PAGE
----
The subassembly 120 of the spiraled primary fuel tube 90 in the secondary fuel tube 100 is inserted in the injector housing 10 prior to bending (deforming) of the strut portion 10 s to its compound arcuate configuration shown in FIG. 1. The coil spring 110 is positioned about the secondary fuel tube 100. The primary and secondary fuel tubes 90, 100 and their associated components (e.g. strut end 10 c, support cup 38, end sleeve 112, etc.) then are brazed or welded using conventional brazing/welding procedures. Subsequent bending of the strut portion 10 s to its compound arcuate shape imparts the arcuate configuration shown in FIG. 1 to the subassembly 120 of the primary and secondary fuel tubes 90, 100. After bending, the primary fuel tube 90 retains its spiral 90 c that remains in line-to-line interference engagement, FIG. 1, along sufficient portions or locations of the intermediate lengths with the inner wall of secondary fuel tube 100 effective to essentially eliminate heretofore observed fatigue failure at the brazed joints J1, J2.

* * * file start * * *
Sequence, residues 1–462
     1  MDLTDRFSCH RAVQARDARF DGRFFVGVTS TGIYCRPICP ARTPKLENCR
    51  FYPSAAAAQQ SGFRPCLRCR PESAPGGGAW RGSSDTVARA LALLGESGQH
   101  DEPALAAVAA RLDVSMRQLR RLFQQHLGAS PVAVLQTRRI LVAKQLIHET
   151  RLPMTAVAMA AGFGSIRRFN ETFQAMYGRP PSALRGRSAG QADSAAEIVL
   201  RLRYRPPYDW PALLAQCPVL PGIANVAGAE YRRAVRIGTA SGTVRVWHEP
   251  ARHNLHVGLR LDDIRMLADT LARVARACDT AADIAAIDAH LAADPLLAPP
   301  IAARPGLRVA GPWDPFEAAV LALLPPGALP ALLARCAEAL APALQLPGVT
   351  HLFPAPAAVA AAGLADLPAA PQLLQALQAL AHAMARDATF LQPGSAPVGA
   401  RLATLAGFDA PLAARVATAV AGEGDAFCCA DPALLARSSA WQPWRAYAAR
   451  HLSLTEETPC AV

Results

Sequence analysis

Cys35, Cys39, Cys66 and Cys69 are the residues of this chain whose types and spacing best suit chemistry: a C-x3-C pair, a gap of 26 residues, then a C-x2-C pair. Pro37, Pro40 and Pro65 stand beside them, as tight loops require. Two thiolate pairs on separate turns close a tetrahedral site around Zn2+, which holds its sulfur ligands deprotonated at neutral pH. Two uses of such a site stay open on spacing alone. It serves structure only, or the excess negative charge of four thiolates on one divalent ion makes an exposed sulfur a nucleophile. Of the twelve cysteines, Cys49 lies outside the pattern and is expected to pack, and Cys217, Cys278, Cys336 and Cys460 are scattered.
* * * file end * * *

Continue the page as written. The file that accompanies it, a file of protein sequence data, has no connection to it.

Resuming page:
After the injector housing has been bent and machined to final envelope dimensions, the components of check valve 33, metering valve 34 and nozzle tip T are assembled to complete the fuel injector 5.
Tests of the fuel injector 5 described above have been conducted under simulated gas turbine engine conditions of 3×107 vibration cycles at greatest tip response resonance frequency with 12 g forced sinusoidal input at the injector flange 11 in three mutually perpendicular planes (axial, radial and tangential relative to the gas turbine engine axis). Additional separate thermal cycling tests have been conducted using 10,000 thermal shock cycles on the primary fuel tube where a cycle involves maintaining the nozzle strut 10 s and tip T at a temperature of greater than 950 degrees F, introducing room temperature water through the fuel passages for 0.16 seconds and terminating water flow for one minute, and then repeating the cycle. The fuel injector 5 did not exhibit fatigue failure at brazed joints J1, J2 in any of these simulated engine tests.
While the invention has been described in terms of specific embodiments thereof, it is not intended to be limited thereto but rather only to the extent set forth in the following claims.
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|International Classification||F23D11/24, F23D11/36|
|Cooperative Classification||F23D11/24, F23D11/36, F23R2900/00005|
|European Classification||F23D11/36, F23D11/24|
|Feb 28, 2000||AS||Assignment|
Owner name: WOODWARD FST, INC., MICHIGAN
Free format text: ASSIGNMENT OF ASSIGNORS INTEREST;ASSIGNOR:GOEDDEKE, MARK G.;REEL/FRAME:010577/0925
Effective date: 20000127